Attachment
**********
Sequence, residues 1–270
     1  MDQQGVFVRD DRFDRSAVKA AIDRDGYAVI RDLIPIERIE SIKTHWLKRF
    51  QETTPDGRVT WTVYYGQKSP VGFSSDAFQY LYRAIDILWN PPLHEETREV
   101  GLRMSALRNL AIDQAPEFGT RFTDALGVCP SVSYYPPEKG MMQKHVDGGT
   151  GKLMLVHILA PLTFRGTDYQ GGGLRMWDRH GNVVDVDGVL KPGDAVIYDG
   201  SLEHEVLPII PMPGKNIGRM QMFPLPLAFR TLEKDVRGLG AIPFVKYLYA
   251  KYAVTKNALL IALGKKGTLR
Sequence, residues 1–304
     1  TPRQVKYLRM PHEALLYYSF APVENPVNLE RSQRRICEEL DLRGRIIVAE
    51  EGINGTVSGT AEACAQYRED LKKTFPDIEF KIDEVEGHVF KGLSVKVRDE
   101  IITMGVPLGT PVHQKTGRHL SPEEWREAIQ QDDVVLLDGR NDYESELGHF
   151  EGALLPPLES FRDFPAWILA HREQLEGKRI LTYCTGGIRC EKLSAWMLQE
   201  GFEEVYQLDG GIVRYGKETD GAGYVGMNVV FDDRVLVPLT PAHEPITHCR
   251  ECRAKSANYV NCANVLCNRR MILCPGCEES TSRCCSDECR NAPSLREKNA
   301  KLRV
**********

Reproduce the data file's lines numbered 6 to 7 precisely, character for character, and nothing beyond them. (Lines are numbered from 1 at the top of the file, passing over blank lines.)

   201  SLEHEVLPII PMPGKNIGRM QMFPLPLAFR TLEKDVRGLG AIPFVKYLYA
   251  KYAVTKNALL IALGKKGTLR